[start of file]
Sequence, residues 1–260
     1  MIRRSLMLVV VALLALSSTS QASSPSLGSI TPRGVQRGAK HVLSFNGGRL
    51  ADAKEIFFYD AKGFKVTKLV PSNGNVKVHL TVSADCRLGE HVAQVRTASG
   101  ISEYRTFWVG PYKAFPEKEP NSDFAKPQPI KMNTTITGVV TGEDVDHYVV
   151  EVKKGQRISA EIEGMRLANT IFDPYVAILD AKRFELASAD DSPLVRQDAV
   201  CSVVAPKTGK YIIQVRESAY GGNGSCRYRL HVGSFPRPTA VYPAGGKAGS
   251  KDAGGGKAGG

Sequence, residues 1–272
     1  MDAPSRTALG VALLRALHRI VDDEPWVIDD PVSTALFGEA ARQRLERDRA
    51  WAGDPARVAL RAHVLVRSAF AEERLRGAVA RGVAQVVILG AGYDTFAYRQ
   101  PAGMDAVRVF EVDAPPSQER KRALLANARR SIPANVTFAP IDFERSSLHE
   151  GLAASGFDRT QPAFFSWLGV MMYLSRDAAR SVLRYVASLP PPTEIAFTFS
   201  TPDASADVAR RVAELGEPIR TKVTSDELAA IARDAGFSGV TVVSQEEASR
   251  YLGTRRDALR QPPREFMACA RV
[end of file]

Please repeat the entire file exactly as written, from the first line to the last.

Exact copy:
Sequence, residues 1–260
     1  MIRRSLMLVV VALLALSSTS QASSPSLGSI TPRGVQRGAK HVLSFNGGRL
    51  ADAKEIFFYD AKGFKVTKLV PSNGNVKVHL TVSADCRLGE HVAQVRTASG
   101  ISEYRTFWVG PYKAFPEKEP NSDFAKPQPI KMNTTITGVV TGEDVDHYVV
   151  EVKKGQRISA EIEGMRLANT IFDPYVAILD AKRFELASAD DSPLVRQDAV
   201  CSVVAPKTGK YIIQVRESAY GGNGSCRYRL HVGSFPRPTA VYPAGGKAGS
   251  KDAGGGKAGG

Sequence, residues 1–272
     1  MDAPSRTALG VALLRALHRI VDDEPWVIDD PVSTALFGEA ARQRLERDRA
    51  WAGDPARVAL RAHVLVRSAF AEERLRGAVA RGVAQVVILG AGYDTFAYRQ
   101  PAGMDAVRVF EVDAPPSQER KRALLANARR SIPANVTFAP IDFERSSLHE
   151  GLAASGFDRT QPAFFSWLGV MMYLSRDAAR SVLRYVASLP PPTEIAFTFS
   201  TPDASADVAR RVAELGEPIR TKVTSDELAA IARDAGFSGV TVVSQEEASR
   251  YLGTRRDALR QPPREFMACA RV